Nigerians have expressed doubts about the willingness of the Federal Government to embrace the offer by the U. S. government to help and identify the sponsors of Boko Haram, which has waged an insurgency war on Nigeria in the last 12 years.
Some security experts, former diplomats, and leaders of some socio-cultural/civil society organisations in the country who spoke to The Guardian said embracing the proposal was the best option for the country at this point, but were skeptical about President Muhammadu Buhari’s disposition to the offer.
Recall that the U.S. Ambassador to Nigeria, Mary Beth Leonard, had during a round-table on U.S.-Nigeria military cooperation with journalists in Abuja, last Monday night, declared that her country was very eager to partner with Nigeria on identifying Boko Haram sponsors.
A former Assistant Director of the Department of State Services, Dennis Amachree, asserted that the U.S. had been positively disposed to supporting Nigeria, especially in the fight against terrorism, noting that the question was whether the Federal Government would embrace the current gesture.
He said: “Are we ready to arrest and prosecute these sponsors when exposed? Are we simply going to lock them away as has been done in the past? These are the concerns and the Americans may lose interest if we don’t take it seriously.
“Nigeria will do well to accept the offer as the country is really at a crossroads and will accept any help she can get. United States agreeing to support Nigeria means that they will come with some of their cutting-edge technology, which will boost the capability of Nigerian security agencies.”
A former Naval Chief, Rear Admiral Godwill Siempre Ombo, simply said: “These are touchy questions. Who truly wants to end issues in his or her life that will not embrace any support to end such issues?”
To a former Director-General of the Nigerian Institute of International Affairs (NIIA) Prof. Bola Akinterinwa, “if the government of Nigeria is serious about the need to bring Boko Haramism to an end, the government should consider it as an opportunity to be taken advantage of.”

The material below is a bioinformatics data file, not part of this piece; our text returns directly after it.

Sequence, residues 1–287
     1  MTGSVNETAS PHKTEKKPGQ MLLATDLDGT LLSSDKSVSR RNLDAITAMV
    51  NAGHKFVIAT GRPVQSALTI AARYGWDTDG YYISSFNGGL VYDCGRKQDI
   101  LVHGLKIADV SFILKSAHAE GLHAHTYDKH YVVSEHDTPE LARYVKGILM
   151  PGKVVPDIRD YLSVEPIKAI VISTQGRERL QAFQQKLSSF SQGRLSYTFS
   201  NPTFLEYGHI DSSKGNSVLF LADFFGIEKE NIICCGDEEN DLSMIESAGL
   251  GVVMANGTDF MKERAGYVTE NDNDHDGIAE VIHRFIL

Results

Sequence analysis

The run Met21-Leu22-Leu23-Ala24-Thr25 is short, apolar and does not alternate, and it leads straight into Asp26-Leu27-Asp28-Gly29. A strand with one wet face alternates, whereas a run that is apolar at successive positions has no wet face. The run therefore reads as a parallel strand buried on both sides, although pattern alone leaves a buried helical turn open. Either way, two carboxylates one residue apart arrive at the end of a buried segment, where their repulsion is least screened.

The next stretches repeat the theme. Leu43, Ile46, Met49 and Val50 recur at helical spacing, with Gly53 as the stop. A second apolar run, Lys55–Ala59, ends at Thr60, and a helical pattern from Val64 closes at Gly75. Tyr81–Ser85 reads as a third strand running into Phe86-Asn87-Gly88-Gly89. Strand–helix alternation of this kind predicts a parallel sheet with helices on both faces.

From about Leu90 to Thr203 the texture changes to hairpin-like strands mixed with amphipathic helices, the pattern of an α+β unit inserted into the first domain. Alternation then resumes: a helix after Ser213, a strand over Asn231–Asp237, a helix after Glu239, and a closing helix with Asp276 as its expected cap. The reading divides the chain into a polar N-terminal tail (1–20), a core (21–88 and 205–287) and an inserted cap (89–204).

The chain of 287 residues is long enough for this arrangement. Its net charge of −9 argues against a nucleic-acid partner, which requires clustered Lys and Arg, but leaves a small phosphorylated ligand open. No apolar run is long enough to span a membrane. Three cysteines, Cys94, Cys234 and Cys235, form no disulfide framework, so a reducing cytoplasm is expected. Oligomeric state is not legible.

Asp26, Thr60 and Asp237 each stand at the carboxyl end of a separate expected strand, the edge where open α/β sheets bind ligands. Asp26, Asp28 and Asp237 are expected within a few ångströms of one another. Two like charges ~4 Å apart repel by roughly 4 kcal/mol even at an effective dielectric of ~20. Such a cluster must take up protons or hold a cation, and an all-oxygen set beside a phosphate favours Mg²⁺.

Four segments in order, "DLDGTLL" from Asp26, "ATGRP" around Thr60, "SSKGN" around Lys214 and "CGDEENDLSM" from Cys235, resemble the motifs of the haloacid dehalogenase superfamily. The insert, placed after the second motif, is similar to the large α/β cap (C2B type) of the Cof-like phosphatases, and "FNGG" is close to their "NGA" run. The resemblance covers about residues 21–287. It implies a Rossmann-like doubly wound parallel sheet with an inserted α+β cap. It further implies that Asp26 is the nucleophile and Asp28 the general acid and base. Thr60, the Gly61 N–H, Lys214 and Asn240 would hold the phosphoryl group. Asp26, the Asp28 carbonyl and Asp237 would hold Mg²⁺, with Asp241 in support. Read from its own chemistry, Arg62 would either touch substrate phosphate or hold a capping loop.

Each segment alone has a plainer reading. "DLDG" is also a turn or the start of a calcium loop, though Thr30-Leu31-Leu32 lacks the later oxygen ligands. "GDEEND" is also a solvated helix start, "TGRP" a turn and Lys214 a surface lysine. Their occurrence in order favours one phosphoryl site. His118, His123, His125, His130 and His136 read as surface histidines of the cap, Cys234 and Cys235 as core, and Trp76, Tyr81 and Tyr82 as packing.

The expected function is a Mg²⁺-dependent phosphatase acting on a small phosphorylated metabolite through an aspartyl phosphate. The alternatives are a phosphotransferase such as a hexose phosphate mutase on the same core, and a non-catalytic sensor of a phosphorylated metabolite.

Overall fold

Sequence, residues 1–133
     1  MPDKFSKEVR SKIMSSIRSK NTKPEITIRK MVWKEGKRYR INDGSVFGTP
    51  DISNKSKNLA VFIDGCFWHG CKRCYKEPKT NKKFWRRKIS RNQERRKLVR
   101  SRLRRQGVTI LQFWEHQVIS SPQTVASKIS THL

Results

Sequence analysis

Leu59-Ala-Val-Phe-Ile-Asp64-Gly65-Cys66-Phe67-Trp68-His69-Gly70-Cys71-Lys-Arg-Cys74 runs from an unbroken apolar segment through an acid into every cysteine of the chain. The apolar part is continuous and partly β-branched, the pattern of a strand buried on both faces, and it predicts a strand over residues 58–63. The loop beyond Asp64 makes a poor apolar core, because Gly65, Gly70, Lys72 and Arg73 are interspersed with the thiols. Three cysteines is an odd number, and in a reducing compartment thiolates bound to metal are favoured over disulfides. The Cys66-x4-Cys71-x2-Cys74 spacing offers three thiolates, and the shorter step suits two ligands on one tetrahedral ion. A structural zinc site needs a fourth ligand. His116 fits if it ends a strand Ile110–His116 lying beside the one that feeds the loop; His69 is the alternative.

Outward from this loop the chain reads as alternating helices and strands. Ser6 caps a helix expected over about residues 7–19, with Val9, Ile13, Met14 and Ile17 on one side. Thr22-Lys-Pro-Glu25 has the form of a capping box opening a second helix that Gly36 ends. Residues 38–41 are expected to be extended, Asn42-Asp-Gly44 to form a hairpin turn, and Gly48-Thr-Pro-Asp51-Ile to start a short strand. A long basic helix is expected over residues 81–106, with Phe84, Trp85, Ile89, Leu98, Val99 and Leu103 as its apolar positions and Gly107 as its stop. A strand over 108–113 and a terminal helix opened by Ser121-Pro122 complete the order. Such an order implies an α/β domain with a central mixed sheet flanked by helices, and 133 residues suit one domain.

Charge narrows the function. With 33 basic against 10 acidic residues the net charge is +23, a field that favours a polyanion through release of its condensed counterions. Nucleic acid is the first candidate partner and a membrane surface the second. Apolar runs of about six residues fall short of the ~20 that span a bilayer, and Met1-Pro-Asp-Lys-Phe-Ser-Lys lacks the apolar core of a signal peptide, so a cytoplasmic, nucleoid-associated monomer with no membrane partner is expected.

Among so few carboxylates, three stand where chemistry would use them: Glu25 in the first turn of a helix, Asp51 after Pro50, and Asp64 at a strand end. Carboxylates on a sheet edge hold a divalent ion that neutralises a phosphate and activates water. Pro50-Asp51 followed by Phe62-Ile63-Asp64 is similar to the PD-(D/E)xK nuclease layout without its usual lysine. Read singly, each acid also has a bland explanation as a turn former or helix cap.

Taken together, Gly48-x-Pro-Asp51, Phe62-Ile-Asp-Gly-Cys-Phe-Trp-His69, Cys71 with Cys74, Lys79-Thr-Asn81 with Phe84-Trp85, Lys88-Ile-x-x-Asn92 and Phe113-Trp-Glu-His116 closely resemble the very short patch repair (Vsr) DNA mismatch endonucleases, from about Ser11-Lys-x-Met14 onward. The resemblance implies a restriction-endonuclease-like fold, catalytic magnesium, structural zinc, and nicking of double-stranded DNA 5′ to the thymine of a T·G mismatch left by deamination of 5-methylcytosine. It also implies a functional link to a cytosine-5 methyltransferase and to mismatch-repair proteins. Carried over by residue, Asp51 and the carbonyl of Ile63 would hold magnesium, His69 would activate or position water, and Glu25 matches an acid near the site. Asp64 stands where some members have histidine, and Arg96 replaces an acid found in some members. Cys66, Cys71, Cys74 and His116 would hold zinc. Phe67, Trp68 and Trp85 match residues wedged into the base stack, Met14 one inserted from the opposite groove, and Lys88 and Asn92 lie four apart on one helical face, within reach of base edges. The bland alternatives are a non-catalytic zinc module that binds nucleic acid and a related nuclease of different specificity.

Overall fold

He added: “I remember that in 2020, either in July or August, the Minister of Information and Culture, Lai Mohammed, accused the international community, particularly the big powers, that they were blocking all Nigerian efforts to deal with the Boko Haram group.
“Lai Mohammed by that time was accusing the United States, the big powers, their allies, holding them responsible for the government of Nigeria’s inability to contain Book Haram insurgency.
Now, a year after, the U.S. is offering to assist in knowing who is doing what, who is funding Boko Haram insurgency in Nigeria. It will be very illogical for the government of Nigeria to have accused the big powers in the year 2020 that they were blocking their efforts, now when they are de-blocking your alleged efforts, it will not make any sense for the government of Nigeria to refuse.
“What I am saying, in essence, is that the first point is that the government of Nigeria wanted assistance, but it was allegedly blocked. Now that the U.S. is giving the opportunity of de-blocking, it is only logical to accept.
“The second point is that the Nigerian people have been asking President Buhari to seek international collaboration to end Boko Haram. If the government accepts, he will be doing so in the spirit of public request that Boko Haram cannot be suppressed without international support. So, if they accept the support, it is consistent with the spirit of the public in Nigeria.
Thirdly, the reason we should support U.S. to reveal is that Nigerians themselves have been accusing the Nigerian government that the government knows all those who are responsible for Boko Haram.
“Theophilus Danjuma had already accused the military of aiding and abetting Boko Haram. Dr. Malaifa Obadiah told us the report of the meeting with Boko Haram commanders.
“Just last week, Commodore Omowunmi on Channel TV said that from 2007 to 2009, nothing has happened to the people they arrested for Boko Haram, that government knows. Former President Olusegun Obasanjo said there is a Fulanisation agenda. So, if Nigerians know those who are in charge but they did not say it, we need the intervention of a country like the U.S. to reveal the secret.”
We have always asked for international intervention; even in the time of Goodluck Jonathan, we had sought the support of the international community. The problem is that the government has not wholeheartedly defined support so that other people can appreciate the enormity of the problems they have.
“For instance, if you surf the Internet, the global community sees herdsmen as a terrorist group. But in Nigeria, they are treated with kid gloves. What you call unknown gunmen, how can something remain unknown for a long time and you have security professionals? The advanced society hates this kind of double-dealing.
“If Nigeria begins to define things the way they are and with sincerity of purpose, you will see a way out of the security challenges we have. When the citizens are in danger, they run to them for the protection of their lives and property. When on the other hand the government appears to be overwhelmed because unscrupulous elements are in control of instruments of violence, there will be a problem.